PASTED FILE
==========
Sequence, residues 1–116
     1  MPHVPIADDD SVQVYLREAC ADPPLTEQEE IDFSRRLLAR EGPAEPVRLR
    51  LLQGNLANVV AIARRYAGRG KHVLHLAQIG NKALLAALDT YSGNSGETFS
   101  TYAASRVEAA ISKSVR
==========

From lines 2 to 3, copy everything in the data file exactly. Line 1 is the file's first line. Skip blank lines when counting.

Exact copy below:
     1  MPHVPIADDD SVQVYLREAC ADPPLTEQEE IDFSRRLLAR EGPAEPVRLR
    51  LLQGNLANVV AIARRYAGRG KHVLHLAQIG NKALLAALDT YSGNSGETFS